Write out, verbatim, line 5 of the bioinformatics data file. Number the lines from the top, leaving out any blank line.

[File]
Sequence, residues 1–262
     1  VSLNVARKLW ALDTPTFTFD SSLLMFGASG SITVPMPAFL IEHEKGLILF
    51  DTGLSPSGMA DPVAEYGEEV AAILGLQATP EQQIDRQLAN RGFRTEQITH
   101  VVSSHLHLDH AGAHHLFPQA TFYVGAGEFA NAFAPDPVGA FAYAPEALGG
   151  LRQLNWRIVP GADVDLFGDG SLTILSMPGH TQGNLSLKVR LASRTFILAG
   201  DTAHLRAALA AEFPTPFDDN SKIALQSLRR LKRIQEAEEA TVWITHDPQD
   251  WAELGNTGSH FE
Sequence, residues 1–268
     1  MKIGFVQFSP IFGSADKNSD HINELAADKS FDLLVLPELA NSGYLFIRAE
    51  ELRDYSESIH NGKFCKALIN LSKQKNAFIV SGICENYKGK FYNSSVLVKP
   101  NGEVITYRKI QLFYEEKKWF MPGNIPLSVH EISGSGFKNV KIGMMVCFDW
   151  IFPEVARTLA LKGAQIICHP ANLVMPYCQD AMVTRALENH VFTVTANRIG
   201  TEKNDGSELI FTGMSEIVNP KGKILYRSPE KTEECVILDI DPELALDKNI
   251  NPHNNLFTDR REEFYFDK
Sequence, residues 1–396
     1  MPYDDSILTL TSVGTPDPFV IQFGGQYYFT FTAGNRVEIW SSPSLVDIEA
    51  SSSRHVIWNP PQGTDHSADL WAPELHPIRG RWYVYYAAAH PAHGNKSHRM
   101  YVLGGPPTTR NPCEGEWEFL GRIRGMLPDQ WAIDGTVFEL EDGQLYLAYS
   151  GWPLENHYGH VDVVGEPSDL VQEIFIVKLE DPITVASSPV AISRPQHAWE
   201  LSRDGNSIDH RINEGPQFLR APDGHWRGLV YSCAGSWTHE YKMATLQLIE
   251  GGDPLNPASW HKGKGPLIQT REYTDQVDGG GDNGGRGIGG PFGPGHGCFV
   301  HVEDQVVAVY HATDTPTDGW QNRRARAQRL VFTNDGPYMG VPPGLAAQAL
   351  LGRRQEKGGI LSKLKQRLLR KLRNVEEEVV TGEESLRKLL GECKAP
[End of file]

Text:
   151  LRQLNWRIVP GADVDLFGDG SLTILSMPGH TQGNLSLKVR LASRTFILAG